August 06, 2013
Will Robots Work For Poor Unemployed Masses?

Will robots cause unemployment of most working age people? Suppose they will. Then will governments collect tax money to pay the zero marginal product non-workers to live a life of leisure? Some people, for example Federico Pistono, think we will all do just fine once robots wipe out most of our jobs. I think an assumption underlying this argument is false.

The assumption of the complacent: sufficient amounts of robot-driven production will get done in the countries where people live to provide the revenue flows that governments will then tax to fund bountiful lives of leisure. But consider the massive profits which American corporations hold abroad in order to avoid US taxes. Capital can move much more easily that people can.

Imagine a future where robots enable manufacturing to be done with far far fewer workers. What does that mean? Manufacturing will no longer need to be tied to locations where lots of people live. Why manufacture (and therefore get taxed) in the United States, Germany, China, or India when you do not need the manual laborers there?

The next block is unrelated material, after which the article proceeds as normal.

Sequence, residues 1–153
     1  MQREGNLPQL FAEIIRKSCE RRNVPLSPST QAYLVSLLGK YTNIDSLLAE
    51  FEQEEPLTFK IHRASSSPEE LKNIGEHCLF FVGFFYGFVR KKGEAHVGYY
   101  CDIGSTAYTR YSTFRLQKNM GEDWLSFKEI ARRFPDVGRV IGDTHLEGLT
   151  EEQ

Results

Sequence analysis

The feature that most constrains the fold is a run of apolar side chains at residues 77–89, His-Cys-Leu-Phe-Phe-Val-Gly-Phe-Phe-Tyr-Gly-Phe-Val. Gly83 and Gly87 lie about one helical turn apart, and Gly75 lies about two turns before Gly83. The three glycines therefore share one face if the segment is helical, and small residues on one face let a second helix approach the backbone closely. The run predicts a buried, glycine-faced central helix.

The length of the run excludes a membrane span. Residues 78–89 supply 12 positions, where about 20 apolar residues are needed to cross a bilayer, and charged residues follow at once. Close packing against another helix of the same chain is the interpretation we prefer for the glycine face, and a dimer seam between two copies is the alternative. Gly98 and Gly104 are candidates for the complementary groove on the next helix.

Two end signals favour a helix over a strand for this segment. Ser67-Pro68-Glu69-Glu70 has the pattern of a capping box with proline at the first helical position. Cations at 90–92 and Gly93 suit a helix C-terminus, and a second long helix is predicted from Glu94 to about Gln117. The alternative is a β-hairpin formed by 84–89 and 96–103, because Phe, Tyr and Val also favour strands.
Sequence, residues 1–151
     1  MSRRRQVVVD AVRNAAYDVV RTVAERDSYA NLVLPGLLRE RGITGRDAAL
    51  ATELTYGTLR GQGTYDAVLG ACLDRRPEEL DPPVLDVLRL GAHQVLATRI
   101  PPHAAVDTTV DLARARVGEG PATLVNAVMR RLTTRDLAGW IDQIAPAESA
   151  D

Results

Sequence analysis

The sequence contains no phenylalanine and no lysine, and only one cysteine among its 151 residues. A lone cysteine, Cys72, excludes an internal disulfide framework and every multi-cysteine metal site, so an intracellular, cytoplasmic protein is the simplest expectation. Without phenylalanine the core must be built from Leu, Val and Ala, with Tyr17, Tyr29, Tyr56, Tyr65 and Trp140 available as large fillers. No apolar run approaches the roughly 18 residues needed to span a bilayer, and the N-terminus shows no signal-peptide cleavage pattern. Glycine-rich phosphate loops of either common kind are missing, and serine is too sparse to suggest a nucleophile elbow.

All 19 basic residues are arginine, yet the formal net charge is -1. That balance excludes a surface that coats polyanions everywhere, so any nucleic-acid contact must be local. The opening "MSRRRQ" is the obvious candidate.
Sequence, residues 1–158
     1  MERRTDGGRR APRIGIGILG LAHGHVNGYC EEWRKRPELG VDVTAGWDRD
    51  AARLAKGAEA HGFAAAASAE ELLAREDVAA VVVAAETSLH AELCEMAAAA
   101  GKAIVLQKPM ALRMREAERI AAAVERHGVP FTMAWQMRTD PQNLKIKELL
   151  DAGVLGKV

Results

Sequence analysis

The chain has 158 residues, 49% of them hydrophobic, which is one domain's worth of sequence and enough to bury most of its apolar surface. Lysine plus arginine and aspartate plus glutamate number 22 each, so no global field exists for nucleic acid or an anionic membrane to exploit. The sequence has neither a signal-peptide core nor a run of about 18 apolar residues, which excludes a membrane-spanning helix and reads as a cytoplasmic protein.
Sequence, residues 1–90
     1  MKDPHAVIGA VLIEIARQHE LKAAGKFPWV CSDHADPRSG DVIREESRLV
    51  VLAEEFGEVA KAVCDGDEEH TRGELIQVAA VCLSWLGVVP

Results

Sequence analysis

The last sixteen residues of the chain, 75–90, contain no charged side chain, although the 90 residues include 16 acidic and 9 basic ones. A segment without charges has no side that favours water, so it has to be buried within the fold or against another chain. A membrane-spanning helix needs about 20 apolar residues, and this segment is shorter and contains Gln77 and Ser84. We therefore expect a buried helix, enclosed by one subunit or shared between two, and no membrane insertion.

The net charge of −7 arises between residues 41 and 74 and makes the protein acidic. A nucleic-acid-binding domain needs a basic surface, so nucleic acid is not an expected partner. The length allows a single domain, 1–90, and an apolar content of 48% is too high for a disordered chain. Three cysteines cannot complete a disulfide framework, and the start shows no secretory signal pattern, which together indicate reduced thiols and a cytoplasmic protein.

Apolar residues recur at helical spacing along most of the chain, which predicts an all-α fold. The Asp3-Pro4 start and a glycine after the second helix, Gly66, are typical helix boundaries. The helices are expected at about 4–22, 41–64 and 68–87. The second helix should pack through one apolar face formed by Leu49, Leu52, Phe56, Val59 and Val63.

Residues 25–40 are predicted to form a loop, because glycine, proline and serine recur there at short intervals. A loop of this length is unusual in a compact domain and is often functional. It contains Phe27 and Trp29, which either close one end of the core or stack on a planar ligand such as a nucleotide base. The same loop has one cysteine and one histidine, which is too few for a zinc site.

Wondering what are the ideal attributes of countries where to run huge robot factories?

  • very small human populations (so lower taxes needed to support them).
  • lots of natural resources.
  • low border exposure to teeming masses of poorer people.
  • exceptionally highly (primarily imported) skilled human workers.
  • governments which the capitalists can totally dominate.

I'm thinking big sovereign islands.

Incredibly wealthy capitalists could pay the inhabitants of a poor island to move to another place (and even bribe a government to accept the immigrants) in order to create an ideal environment for automated factories and beautiful automated mansions, orchards, and vineyards.